There’s one primary goal, Mike Bone says.
Bone is in his first year of directing Camp Kismet, which will initiate the 33rd year of its overnight camp for youngsters on June 16. This year’s camp, funded by the Fayette County Volunteers organization utilizing donations from various sources, will run from June 16-20 at Fayette County Park in Beckwith.
“We just need to keep the focus on the kids, and make sure they have an enjoyable week,” said Bone, an employee in the Fayette County assessor’s office who was a Kismet counselor last summer. “It’s a week full of fun and activities for the kids.”
Camp Kismet offers five days and four nights of free camping, activities and meals for 105 students from ages 5 to 12. To qualify, students must receive free or reduced lunch in school.
In addition to the precious memories they add to their memory banks, each camper receives free shoes and a backpack full of school supplies as they depart at week’s end.
Among the activities to be offered — many for the first time this summer — are: archery, kick ball, swimming (Bone offers his thanks to park superintendent Earl Pauley for allowing use of the pool), soccer, basketball, disc golf, field hockey, indoor bowling, horseshoes, volleyball, fishing and badminton.
Bone said Tuesday camper entries are still being accepted for Kismet; in fact, the camp is currently only about half full. Also, volunteers are still needed to help with sporting events during the day. Volunteers would have to submit to a background check.
To register children who qualify to attend the camp, parents or guardians can visit www.schoolmeals.net. Registration will be closed on May 19, whether or not the full complement of participants is reached.
This year’s camp will feature special activities such as an ice cream social, a dance, reading, craft-making with a West Virginia theme, campfires with vespers, and a tie-dye project on the first day that ties in with the camp’s 1970s theme and the Thursday dance.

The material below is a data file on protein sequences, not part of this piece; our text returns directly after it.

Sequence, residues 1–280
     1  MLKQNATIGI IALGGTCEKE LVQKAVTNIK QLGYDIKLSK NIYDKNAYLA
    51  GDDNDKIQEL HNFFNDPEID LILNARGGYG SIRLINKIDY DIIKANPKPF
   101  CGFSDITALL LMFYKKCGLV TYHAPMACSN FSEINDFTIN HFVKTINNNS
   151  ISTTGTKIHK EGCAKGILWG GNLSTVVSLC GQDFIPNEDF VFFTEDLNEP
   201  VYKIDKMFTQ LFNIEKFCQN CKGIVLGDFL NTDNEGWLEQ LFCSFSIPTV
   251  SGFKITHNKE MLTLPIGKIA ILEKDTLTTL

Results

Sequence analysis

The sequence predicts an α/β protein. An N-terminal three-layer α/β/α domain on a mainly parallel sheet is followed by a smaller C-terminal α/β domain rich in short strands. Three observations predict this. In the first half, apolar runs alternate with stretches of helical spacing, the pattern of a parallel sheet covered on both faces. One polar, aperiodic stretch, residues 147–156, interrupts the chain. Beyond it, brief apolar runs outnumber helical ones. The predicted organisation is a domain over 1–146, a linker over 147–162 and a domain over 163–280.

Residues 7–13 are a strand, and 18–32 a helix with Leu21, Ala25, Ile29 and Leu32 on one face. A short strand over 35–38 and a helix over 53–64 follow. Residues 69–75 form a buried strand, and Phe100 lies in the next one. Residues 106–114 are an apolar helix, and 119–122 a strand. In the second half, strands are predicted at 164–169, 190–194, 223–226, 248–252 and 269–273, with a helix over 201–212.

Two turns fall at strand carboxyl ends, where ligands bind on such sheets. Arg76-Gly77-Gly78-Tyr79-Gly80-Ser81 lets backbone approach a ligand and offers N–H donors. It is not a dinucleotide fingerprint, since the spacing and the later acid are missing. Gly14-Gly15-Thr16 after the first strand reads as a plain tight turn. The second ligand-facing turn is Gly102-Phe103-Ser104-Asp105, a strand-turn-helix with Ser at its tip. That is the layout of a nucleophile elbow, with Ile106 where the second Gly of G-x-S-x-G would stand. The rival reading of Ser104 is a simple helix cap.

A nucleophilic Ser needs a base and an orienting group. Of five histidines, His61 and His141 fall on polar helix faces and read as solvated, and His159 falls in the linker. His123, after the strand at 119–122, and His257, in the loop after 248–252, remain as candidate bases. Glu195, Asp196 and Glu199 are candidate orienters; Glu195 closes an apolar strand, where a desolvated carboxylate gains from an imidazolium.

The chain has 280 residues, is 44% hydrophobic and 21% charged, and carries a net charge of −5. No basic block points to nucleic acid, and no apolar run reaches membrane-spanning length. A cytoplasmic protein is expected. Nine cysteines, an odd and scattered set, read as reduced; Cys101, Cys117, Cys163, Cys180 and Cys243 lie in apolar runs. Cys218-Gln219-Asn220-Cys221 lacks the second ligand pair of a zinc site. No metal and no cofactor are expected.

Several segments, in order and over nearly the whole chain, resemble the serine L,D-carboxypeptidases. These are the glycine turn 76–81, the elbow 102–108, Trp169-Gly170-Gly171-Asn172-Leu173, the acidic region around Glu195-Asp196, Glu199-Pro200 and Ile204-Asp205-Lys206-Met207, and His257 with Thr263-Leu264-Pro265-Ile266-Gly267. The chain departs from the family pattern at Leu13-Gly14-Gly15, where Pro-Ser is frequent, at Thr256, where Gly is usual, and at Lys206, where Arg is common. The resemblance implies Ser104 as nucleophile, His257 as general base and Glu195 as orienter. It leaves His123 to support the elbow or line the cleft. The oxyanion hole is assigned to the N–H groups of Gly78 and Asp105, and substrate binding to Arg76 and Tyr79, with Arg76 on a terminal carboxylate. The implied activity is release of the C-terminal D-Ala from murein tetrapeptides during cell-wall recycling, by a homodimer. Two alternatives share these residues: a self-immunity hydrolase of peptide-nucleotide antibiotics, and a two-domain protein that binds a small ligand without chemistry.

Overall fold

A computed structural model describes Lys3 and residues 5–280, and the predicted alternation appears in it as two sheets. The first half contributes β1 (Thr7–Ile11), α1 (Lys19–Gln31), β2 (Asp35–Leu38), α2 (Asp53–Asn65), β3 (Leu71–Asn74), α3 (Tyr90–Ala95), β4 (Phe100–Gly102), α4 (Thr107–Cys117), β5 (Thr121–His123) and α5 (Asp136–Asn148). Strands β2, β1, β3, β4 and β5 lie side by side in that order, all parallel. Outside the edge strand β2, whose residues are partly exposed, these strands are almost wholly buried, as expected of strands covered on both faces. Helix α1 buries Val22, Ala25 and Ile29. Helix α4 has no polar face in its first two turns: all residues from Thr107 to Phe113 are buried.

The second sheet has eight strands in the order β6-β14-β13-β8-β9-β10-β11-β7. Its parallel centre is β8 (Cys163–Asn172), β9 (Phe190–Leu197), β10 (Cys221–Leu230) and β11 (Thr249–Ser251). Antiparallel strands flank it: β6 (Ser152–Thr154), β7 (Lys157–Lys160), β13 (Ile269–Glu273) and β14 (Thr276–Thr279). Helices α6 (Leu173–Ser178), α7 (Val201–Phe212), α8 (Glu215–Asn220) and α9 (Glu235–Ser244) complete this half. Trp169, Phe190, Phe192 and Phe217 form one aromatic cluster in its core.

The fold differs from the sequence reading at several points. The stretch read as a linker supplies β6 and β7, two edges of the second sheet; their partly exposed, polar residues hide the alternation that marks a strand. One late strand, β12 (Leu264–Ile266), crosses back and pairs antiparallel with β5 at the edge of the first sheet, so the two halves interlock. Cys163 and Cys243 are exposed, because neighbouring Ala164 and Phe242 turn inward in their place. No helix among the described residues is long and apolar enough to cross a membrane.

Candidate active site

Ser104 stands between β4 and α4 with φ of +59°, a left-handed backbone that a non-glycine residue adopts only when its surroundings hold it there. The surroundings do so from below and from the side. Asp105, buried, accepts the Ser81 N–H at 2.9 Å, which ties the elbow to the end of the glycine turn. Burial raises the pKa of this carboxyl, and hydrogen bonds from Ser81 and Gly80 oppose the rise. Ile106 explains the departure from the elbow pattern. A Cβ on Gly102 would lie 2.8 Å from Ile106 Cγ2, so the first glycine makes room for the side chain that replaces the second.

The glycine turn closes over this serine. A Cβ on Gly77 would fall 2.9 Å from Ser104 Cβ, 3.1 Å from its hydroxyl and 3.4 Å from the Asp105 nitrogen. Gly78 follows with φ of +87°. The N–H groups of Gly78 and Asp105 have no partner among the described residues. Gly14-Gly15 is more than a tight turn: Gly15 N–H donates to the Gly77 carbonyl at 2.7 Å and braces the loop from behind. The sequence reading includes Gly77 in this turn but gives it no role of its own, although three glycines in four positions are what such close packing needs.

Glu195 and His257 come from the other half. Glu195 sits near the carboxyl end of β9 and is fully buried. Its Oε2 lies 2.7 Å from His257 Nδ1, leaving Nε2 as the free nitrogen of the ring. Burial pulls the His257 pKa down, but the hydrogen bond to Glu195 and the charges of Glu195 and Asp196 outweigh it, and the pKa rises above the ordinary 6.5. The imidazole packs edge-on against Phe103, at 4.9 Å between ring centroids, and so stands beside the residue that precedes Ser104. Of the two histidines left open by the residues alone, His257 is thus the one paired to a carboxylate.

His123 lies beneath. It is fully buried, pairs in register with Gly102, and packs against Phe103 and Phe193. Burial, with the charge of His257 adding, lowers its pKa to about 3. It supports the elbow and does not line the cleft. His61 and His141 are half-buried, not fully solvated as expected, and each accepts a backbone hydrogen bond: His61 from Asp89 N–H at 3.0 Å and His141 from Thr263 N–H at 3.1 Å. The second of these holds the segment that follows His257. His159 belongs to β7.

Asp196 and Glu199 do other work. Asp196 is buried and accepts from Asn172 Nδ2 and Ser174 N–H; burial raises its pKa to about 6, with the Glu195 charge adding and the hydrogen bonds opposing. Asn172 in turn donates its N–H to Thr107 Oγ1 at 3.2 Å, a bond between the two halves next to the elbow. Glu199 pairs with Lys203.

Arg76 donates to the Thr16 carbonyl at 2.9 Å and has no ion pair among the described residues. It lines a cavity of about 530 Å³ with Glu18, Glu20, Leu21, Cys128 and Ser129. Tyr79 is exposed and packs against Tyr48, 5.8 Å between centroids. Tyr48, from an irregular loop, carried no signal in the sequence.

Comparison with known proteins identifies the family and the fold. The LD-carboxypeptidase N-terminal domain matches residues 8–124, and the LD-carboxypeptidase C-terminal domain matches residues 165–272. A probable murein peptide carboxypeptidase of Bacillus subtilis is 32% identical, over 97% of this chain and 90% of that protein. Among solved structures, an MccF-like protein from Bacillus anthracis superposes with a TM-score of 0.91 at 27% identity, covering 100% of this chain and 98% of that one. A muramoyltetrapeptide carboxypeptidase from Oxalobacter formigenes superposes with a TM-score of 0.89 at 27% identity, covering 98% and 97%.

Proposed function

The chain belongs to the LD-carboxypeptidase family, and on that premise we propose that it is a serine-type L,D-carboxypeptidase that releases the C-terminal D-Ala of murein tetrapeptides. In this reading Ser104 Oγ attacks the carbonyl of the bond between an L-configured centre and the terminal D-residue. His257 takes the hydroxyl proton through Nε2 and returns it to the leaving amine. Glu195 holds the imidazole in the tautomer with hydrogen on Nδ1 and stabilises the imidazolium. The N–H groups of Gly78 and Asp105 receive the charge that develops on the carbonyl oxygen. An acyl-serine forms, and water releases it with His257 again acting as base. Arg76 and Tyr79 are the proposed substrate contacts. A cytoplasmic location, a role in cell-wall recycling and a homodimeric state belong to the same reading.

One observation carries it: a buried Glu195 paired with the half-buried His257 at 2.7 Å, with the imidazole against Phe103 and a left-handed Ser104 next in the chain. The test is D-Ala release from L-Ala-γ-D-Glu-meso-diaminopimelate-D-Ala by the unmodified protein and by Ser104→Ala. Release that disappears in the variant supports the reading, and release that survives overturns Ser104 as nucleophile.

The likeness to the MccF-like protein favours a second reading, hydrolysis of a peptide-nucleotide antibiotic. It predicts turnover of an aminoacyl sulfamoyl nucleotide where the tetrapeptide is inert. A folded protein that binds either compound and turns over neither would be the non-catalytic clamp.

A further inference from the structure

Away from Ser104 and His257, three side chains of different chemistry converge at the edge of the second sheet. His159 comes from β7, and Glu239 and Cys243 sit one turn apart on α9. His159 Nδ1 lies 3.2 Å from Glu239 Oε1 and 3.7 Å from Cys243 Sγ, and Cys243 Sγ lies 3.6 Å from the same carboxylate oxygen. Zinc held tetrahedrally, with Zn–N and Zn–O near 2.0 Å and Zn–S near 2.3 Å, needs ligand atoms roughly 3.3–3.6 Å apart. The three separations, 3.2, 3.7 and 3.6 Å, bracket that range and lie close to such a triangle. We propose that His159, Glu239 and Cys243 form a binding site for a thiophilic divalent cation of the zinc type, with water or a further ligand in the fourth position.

Bone also said that a community service component will be included this summer. The day of community service will be built around activities during which the children perform duties to help spruce up things around the park.
Also during the week, bully prevention measures will be discussed, and the Fayette County Sheriff’s Department will send its drug dogs for a demonstration.
Some new safety measures will be undertaken, as well. Campers will be split up into two teams for ‘friendly competition’ throughout the week. All students ages 5-6 will be housed together, and students ages 7-8, 9-10 and 11-12 will have boys and girls housed separately. To allow counselors to keep better keep track of them, each camper will wear a wristband that features the name and flag of his or her cabin.
Bone thanked the Fayette County Commission for its ‘tremendous help’ in purchasing new sports equipment for the camp.
He also said he’s looking forward to the continuing efforts of volunteers such as Hollie Havens and Sal Dibrita. In the past, Havens has brought a large quantity of supplies and clothing to distribute to campers. Havens’ school, Cabrini College in Radnor, Pa., has been involved with Camp Kismet for more than 30 years. Dibrita, a graduate student, has donated money he’s raised through fundraising efforts and will be a counselor in 2014.
“They do an exceptional job for the camp,” Bone said. “They spend a lot of time, effort and money.”
Donations from the public will help continue the Kismet mission in the future, Bone said. Donations can be mailed to: Camp Kismet, PO Box 823, Fayetteville, WV 25840.
Those interested in volunteering or needing further information about the camp can contact Bone by phone at 304-222-0629 or via e-mail at mbone68@gmail .com.
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There’s one primary goal, Mike Bone says.
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